Competitive Market Behaviour
Competitive behaviour sees organisations taking an adversarial role in all exchange situations, not only with competitors in the market but also in dealings with stakeholders such as suppliers. The primary objective is to drive the hardest bargain in all situations. This is what is referred to as a zero sum game – an interaction in which one participant’s gains result only from another’s equivalent losses. Such competitive market behaviour ranges from fair competition (playing by the rules and “accepted behaviour”) through negative opportunism, to predatory behaviour (illegal).
Monopolistic/Oligopolistic market behaviour – where one (monopoly) or a fewcompetitors (oligopoly) exert strong control on the market
Co-operative market behaviour
Lesser (Non-competitive) market behaviour ranges from:
Détente – A mutual deep interest and understanding, not to act competitively. In many instances competitors believe that it is not in their interests, the interests of society, or customers to act competitively due a belief that that competitors (e.g. charities, public institutions) are doing the same job.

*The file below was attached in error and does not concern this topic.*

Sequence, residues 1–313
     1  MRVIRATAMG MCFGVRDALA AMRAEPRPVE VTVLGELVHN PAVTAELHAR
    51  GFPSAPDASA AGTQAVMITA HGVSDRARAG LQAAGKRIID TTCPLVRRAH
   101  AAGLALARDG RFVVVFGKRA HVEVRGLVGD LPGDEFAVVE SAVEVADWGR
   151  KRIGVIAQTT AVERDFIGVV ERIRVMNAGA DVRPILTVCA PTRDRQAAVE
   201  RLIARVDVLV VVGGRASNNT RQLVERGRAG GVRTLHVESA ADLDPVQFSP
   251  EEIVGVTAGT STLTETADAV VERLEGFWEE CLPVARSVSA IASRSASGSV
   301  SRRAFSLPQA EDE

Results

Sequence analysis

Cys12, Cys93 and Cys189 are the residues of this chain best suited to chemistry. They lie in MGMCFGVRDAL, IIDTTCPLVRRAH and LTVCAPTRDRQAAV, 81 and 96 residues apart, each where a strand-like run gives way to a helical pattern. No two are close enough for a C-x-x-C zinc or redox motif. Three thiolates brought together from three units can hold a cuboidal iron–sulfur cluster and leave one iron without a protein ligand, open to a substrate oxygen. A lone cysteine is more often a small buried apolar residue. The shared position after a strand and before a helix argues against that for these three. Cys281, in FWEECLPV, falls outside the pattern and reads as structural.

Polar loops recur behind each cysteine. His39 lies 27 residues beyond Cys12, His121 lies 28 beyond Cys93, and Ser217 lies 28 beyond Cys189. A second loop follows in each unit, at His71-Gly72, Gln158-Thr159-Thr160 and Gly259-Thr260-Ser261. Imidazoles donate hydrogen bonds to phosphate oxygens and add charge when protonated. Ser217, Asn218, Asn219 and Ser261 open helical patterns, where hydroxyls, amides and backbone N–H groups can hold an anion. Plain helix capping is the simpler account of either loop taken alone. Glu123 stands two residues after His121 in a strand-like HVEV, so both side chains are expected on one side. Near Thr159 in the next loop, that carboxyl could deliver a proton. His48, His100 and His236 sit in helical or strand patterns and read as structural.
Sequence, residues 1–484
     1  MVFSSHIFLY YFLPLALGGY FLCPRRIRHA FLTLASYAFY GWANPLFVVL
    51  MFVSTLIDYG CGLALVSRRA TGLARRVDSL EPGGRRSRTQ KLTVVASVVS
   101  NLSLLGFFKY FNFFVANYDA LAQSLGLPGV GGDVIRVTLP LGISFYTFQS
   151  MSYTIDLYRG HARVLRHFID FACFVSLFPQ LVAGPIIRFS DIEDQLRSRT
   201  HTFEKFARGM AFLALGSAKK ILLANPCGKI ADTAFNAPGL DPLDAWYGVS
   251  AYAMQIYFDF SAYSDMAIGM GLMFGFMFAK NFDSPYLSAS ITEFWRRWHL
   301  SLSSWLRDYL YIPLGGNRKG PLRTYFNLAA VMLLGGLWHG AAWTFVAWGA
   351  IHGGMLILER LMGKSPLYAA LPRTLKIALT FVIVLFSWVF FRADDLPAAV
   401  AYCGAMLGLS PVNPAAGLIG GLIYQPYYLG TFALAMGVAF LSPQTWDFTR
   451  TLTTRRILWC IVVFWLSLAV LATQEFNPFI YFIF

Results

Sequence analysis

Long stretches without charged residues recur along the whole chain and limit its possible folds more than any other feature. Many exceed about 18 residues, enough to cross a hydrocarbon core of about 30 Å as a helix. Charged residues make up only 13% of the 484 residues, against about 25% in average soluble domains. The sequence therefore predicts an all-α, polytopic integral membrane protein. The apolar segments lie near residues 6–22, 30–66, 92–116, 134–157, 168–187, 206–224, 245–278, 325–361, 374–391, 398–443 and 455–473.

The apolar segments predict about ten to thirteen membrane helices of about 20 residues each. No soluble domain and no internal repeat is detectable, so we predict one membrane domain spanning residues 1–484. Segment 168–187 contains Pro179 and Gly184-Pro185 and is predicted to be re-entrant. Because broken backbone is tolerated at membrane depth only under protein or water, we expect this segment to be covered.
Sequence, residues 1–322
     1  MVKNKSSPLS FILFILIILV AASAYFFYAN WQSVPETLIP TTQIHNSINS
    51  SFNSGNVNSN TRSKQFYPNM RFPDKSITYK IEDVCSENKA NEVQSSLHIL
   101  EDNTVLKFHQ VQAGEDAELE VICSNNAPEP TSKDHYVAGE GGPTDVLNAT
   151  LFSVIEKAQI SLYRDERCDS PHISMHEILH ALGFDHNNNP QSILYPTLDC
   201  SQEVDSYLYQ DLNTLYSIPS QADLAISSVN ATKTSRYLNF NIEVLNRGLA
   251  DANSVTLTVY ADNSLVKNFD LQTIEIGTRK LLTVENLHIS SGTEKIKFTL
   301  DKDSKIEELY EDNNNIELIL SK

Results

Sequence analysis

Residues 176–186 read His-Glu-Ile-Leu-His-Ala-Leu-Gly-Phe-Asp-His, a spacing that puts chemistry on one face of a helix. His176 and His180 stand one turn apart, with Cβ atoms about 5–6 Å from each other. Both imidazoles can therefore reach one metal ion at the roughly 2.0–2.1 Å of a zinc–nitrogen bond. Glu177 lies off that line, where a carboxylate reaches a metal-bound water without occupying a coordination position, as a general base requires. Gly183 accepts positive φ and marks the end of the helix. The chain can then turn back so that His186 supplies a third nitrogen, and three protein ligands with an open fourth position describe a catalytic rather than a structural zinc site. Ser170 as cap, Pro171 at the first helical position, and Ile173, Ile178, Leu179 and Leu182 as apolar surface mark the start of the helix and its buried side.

Collusive behaviour – Organisations who conspire and engage in anti competitive behaviour. This is illegal in many countries.
Identifying the Competition
Competitor identification is not always as simple as it appears at first glance. For example, an organisation that does business in essentially the way another does business, whose products are essentially the same as ours, and that therefore looks quite a bit like our firm is not necessarily in competition with us. Conversely, an organisation that bears little resemblance to our firm and whose value propositionsare dissimilar to ours may in fact be our competitor.
Direct Vs. Indirect Competitors
A competitor whose service offers resemble ours closely is a direct competitor. A firm that offers a service that does not closely resmble ours but is perceived as an alternative by our customers is considered to be an indirect competitor.
It is important to include both direct and indirect competitors in the competitor analysis system. Often determining just which competitors to include in the system is quite straightforward; in other instances it may be more difficult.
Syncretic Market Behaviour
Syncretic (a combination of different beliefs) market behaviour is the attempt to achieve a dynamic balance between positives to be found in both competitive and co-operative strategies. .